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Reading Your Cat’s Body Language

What Their Movements Mean

A cat’s posture, tail, ears, eyes and hair all speak volumes. But frequently, because we fail to understand and interpret the signals correctly, we blame the cat unjustly. Understanding the body language of felines can be difficult, even counterintuitive, since it is meant to convey messages primarily to other cats. Signs of fearfulness or irritation can be easily misread as playful excitement because a cat’s associated behaviors appear to be similar. And misinterpretation of cats often arises out of confusion with the body language of dogs, which is sometimes opposite in meaning.

  • A cat’s tail is its signal flag. Held high, the tail is a banner communicating confidence. Curling around another feline’s tail or a person’s legs, it offers friendly greeting. In motion, it usually indicates excitement. The cat is either in predator mode, having sighted a bird or a mouse, or is feeling playful, hiding behind a chair ready to pounce on a passing person or cat. And while the rhythmic wagging of a dog’s tail signals happiness, the agitated whipping of your cat’s tail means that he is perturbed or upset. Don’t startle a cat in this state. Your reward may be a claw swipe or a bite.
  • Cats are affectionate and love to be touched, but only on their own terms. They may greet members of their household fondly with cheek rubs, but they prefer to initiate this contact. Cats may exchange quick eye-blink hellos with each other, but they seldom stare. Instead, they will respond to a long stare from you by freezing movement and then alternately looking at you and looking away.
  • Huddling with its tail wrapped around its body, a cat may be telegraphing that it is cold. A similar body position, but with a relaxed cat, signals its dreamy contentment.
  • A sick cat often doesn’t curl up, but lies in the position requiring the least energy.
  • An alert, attentive cat scans wide-eyed, ears pricked and rotating, tuned to threats, prey, and other felines. Spotting something of interest, the cat stares intently, pitching its ears and its whiskers forward.


A startled, fearful or defensive feline may strike the pose of the classic Halloween cat to make itself look larger and more threatening. It turns to one side with back arched, hackles raised, ears turned back and teeth bared. Sensing a potential threat, a cat tenses its body, lowers its tail and raises the fur on its back and tail. On its toes, it is ready to flee the instant the need arises. If it is preparing to attack, the cat will crouch or lie on its side or back, narrow its eyes to focus on its target, hiss and bare its teeth and claws. A feline that takes this posture isn’t interested in your affection; it means business. You’re best to stay out of the way.


Few felines are truly aggressive by nature, but even the gentlest of kittens may lash out if annoyed, threatened or over-excited by play, seeming to lose control beyond some threshold of arousal. Claws and teeth can be dangerous, especially to small children, so take signs of impending assault seriously. Keep a youngster who seeks to shower kitty with affection from hugging it, kissing it and lugging it around. While a cat that’s in the right mood may put up with a moment’s snuggle, it won’t appreciate and may not tolerate being confined or roughly handled. A squirming cat that switches its tail, turns back its ears or growls is making a clear statement: It wants to be put down. Heed the warning.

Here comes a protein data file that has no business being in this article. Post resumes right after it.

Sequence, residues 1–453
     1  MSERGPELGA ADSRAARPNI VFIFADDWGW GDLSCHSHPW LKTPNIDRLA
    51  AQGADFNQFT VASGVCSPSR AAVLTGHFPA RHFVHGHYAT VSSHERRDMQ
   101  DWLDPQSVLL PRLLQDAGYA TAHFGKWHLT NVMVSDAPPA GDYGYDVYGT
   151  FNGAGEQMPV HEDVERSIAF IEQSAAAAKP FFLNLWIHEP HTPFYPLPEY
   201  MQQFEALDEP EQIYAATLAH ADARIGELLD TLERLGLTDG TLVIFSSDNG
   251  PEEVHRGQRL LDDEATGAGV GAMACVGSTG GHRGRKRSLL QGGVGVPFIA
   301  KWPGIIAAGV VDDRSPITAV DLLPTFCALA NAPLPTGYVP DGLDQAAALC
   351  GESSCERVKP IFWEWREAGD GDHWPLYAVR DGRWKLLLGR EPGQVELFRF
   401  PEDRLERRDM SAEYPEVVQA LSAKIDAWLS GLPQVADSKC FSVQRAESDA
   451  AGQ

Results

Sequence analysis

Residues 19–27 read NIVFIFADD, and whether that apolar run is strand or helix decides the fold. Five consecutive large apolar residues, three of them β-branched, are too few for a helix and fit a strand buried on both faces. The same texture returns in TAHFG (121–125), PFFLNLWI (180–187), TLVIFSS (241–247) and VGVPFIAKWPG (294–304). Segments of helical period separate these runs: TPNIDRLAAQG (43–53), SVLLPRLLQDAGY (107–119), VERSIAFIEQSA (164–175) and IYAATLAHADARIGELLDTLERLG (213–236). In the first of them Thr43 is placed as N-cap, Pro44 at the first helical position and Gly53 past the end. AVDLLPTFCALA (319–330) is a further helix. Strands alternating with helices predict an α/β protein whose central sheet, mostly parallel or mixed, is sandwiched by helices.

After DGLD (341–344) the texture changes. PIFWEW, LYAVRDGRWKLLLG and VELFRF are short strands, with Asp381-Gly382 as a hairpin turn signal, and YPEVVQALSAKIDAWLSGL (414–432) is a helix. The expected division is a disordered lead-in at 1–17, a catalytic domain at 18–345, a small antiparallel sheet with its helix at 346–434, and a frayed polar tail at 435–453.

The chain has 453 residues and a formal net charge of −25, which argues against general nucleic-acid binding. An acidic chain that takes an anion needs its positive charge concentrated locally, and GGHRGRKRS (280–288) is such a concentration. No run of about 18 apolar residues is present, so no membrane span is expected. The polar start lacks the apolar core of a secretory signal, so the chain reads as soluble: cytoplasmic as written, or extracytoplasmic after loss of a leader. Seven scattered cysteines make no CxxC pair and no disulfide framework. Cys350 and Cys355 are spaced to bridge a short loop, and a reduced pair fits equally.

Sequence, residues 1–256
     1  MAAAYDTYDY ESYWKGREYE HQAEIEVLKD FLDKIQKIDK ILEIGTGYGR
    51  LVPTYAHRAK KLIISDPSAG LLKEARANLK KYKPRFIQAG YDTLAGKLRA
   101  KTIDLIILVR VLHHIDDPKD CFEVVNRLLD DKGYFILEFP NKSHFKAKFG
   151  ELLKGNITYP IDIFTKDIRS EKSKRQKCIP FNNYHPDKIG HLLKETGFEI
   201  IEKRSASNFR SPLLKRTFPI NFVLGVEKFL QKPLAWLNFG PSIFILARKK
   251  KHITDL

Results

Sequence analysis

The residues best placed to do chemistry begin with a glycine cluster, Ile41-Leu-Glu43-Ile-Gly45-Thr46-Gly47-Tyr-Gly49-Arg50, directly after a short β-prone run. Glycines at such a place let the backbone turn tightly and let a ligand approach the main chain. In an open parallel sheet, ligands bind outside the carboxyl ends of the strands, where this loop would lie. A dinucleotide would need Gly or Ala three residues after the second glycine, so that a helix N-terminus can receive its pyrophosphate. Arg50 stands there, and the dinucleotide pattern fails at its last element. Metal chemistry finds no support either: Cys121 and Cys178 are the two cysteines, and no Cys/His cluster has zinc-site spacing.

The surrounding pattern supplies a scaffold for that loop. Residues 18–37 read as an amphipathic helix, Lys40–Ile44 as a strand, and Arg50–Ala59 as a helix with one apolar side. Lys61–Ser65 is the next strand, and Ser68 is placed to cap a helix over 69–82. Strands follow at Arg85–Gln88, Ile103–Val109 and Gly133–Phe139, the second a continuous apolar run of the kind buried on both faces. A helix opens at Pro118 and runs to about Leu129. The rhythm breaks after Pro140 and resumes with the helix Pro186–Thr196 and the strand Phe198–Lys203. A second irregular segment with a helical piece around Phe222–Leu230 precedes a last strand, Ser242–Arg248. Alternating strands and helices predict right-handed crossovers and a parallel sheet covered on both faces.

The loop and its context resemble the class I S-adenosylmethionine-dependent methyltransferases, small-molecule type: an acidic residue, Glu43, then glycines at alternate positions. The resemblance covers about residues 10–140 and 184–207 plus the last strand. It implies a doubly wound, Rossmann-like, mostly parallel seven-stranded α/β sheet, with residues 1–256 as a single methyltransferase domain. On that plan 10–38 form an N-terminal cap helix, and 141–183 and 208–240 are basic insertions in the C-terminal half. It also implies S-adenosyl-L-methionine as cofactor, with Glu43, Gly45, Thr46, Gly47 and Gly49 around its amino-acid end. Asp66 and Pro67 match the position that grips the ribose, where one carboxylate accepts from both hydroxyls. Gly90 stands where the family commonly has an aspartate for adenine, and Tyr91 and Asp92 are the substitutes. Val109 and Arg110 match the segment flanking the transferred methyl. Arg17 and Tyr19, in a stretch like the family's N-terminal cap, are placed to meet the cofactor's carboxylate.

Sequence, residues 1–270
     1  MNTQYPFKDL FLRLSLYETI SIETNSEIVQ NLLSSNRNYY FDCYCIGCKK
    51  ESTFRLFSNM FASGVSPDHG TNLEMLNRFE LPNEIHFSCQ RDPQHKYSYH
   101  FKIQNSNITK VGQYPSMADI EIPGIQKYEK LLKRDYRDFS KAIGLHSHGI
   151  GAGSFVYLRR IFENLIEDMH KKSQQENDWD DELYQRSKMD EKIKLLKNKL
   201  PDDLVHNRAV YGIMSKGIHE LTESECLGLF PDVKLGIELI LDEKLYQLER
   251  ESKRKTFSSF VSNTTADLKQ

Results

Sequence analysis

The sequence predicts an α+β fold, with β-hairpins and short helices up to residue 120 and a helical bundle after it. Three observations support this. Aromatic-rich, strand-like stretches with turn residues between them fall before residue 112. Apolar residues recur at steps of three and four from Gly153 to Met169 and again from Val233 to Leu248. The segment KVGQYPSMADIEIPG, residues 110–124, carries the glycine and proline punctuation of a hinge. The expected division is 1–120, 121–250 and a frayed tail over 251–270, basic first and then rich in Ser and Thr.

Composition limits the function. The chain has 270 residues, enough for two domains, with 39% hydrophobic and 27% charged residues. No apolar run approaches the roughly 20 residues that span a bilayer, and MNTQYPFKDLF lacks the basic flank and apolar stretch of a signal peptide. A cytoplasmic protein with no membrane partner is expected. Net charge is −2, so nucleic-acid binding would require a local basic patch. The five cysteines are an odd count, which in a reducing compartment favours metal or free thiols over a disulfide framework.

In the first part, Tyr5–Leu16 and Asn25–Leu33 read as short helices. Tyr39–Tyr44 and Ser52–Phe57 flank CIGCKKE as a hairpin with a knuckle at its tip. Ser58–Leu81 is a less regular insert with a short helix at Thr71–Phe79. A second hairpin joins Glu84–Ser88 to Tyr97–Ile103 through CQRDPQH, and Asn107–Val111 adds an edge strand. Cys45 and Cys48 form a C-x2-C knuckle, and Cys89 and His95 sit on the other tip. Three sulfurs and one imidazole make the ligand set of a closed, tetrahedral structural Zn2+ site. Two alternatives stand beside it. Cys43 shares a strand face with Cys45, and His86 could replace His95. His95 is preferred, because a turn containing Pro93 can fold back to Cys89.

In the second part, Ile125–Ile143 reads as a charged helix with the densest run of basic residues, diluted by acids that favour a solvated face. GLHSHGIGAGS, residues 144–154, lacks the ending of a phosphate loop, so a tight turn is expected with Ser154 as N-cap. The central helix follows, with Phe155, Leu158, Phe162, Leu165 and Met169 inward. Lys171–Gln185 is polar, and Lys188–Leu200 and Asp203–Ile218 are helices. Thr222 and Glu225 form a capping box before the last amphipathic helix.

How Cats Talk

Felines express a surprising variety of sounds, each carrying one or more messages. On sighting a bird, a cat may clack its teeth in a chatter of excitement. A rhythmic purring usually signals contentment, but a cat also may purr when injured or while giving birth. In response to a threat, a feline may growl or grumble, often as a prelude to hissing or spitting. Owners should read hissing as a defensive, “Keep back. I’m scared right now.”

Cats speak to people primarily with meows, which come in many forms and carry many different meanings. You will quickly become an expert translator of your cat’s meows. Easiest to interpret is the meow of request, which is usually accompanied by a head-held-high, front-paws-together begging posture. Sometimes a meow expresses complaint, anxiety or confusion. Other easily recognized cat sounds include the hissing, spitting, the caterwauling of battle-readiness and the sharp yelp or scream of pain. And there certainly is no mistaking the yowl of a feline in heat or the boisterous uproar of mating cats.

More Pets:
Fantastic Cat Facts
Top 5 Greenest Pets
5 Ways to Detox Your Pet’s Space

Read more: Behavior & Communication, Cats, Pets,

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3:06PM PDT on Oct 11, 2013

People get cats wrong. Purring can mean they are angry, and wagging their tails can mean they're happy.

12:39PM PDT on Oct 11, 2013


6:37AM PDT on Oct 9, 2013

Interesting article. Thanks.

3:20AM PDT on Oct 8, 2013

Thank you Samantha :)

8:34AM PDT on Jul 10, 2013


6:32AM PDT on Jun 14, 2013

thanks, I never had a cat and am not familiar with their body language

7:20AM PDT on May 20, 2013


4:29AM PDT on May 20, 2013

It's just like reading human languages

5:51AM PDT on Apr 10, 2013

Very interesting. Thanks.

8:06PM PDT on Apr 25, 2011

Cool ! But it doesn't tell me about my other cat's tail...she usually hold it out parallel to the floor.

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